PainSci summary of Wiewelhove 2019?This page is one of thousands in the PainScience.com bibliography. It is not a general article: it is focused on a single scientific paper, and it may provide only just enough context for the summary to make sense. Links to other papers and more general information are provided at the bottom of the page, as often as possible. ★★☆☆☆2-star ratings are for studies with flaws, bias, and/or conflict of interest; published in lesser journals. Ratings are a highly subjective opinion, and subject to revision at any time. If you think this paper has been incorrectly rated, please let me know.
This is a predictably inconclusive scientific review of foam rolling (self-massage with a hard foam tube). It’s a classic garbage in, garbage out meta-analysis. A couple dozen mostly poor quality little trials, all measuring different things in different ways, have no chance of adding up to a meaningful conclusion. To the extent that some studies showed some positive effects, they are small and unreliable, damned with faint praise. Science writer Alex Hutchinon (whose analysis I trust more than the authors):
My own conclusion after wading through the meta-analysis is basically a big shrug. If someone showed me this data and told me it was based on an exciting new pill, I’d tell them not to waste their money on the pill. It’s not convincing enough to win new believers. But neither is it damning enough to conclude that athletes definitely shouldn’t use foam rollers.
What about the single most promising data in the study, which showed a minor performance boost for rolling before sprinting? Alex again:
Of the four studies, two of them found essentially no effect, while one very small study found a positive effect that’s not significantly different from zero. So the conclusion that foam rolling boosts sprint performance is almost entirely based on a single study that disagrees with two others.
This is the exact opposite of “promising”: while technically just inconclusive, the absence of any robust benefit detected by any of these studies strongly suggests that better studies aren’t going to find much either.
original abstract†Abstracts here may not perfectly match originals, for a variety of technical and practical reasons. Some abstacts are truncated for my purposes here, if they are particularly long-winded and unhelpful. I occasionally add clarifying notes. And I make some minor corrections.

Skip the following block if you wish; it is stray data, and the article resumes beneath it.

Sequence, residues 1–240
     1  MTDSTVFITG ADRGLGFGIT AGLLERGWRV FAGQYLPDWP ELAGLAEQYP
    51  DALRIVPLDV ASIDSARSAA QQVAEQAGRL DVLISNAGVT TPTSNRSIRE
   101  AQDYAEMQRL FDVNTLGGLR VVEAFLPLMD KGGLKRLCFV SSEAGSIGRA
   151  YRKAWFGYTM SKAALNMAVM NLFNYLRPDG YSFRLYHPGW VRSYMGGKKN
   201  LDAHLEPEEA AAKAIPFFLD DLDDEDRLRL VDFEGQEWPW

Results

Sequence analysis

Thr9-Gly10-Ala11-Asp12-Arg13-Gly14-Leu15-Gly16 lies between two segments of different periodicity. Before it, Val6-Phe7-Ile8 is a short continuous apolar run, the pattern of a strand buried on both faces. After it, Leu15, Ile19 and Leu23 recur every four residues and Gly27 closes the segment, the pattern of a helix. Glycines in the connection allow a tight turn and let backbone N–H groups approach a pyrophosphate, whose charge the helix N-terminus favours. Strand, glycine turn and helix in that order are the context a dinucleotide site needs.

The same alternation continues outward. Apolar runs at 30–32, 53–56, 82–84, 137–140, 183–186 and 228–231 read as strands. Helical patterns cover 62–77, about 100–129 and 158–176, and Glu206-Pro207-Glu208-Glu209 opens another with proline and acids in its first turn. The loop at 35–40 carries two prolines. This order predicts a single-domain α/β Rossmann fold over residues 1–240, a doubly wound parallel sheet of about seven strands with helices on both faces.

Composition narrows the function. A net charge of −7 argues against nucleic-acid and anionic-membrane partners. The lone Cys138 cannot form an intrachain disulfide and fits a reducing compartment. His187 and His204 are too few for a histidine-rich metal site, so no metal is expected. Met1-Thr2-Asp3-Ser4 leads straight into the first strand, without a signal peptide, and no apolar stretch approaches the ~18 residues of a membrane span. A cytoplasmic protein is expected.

Foam rolling is thought to improve muscular performance and flexibility as well as to alleviate muscle fatigue and soreness. For this reason, foam rolling has become a popular intervention in all kinds of sport settings used to increase the efficiency of training or competition preparation as well as to speed post-exercise recovery. The objective of this meta-analysis was to compare the effects of foam rolling applied before (pre-rolling as a warm-up activity) and after (post-rolling as a recovery strategy) exercise on sprint, jump, and strength performance as well as on flexibility and muscle pain outcomes and to identify whether self-massage with a foam roller or a roller massager is more effective. A comprehensive and structured literature search was performed using the PubMed, Google Scholar, PEDro, and Cochrane Library search engines. Twenty-one studies were located that met the inclusion criteria. Fourteen studies used pre-rolling, while seven studies used post-rolling. Pre-rolling resulted in a small improvement in sprint performance (+0.7%, g = 0.28) and flexibility (+4.0%, g = 0.34), whereas the effect on jump (-1.9%, g = 0.09) and strength performance (+1.8%, g = 0.12) was negligible. Post-rolling slightly attenuated exercise-induced decreases in sprint (+3.1%, g = 0.34) and strength performance (+3.9 %, g = 0.21). It also reduced muscle pain perception (+6.0%, g = 0.47), whereas its effect on jump performance (-0.2%, g = 0.06) was trivial. Of the twenty-one studies, fourteen used foam rollers, while the other seven used roller massage bars/sticks. A tendency was found for foam rollers to offer larger effects on the recovery of strength performance (+5.6%, g = 0.27 vs. -0.1%, g = -0.01) than roller massagers. The differences in the effects between foam rolling devices in terms of pre-rolling did not seem to be of practical relevance (overall performance: +2.7 %, g = 0.11 vs. +0.4%, g = 0.21; flexibility: +5.0%, g = 0.32 vs. +1.6%, g = 0.39). Overall, it was determined that the effects of foam rolling on performance and recovery are rather minor and partly negligible, but can be relevant in some cases (e.g., to increase sprint performance and flexibility or to reduce muscle pain sensation). Evidence seems to justify the widespread use of foam rolling as a warm-up activity rather than a recovery tool.
Specifically regarding Wiewelhove 2019:
This page is part of the PainScience BIBLIOGRAPHY, which contains plain language summaries of thousands of scientific papers & others sources. It’s like a highly specialized blog. A few highlights:
- Effectiveness of customised foot orthoses for Achilles tendinopathy: a randomised controlled trial. Munteanu 2015 Br J Sports Med.
- A Bayesian model-averaged meta-analysis of the power pose effect with informed and default priors: the case of felt power. Gronau 2017 Comprehensive Results in Social Psychology.
- The neck and headaches. Bogduk 2014 Neurol Clin.
- Agreement of self-reported items and clinically assessed nerve root involvement (or sciatica) in a primary care setting. Konstantinou 2012 Eur Spine J.
- Effect of NSAIDs on Recovery From Acute Skeletal Muscle Injury: A Systematic Review and Meta-analysis. Morelli 2017 Am J Sports Med.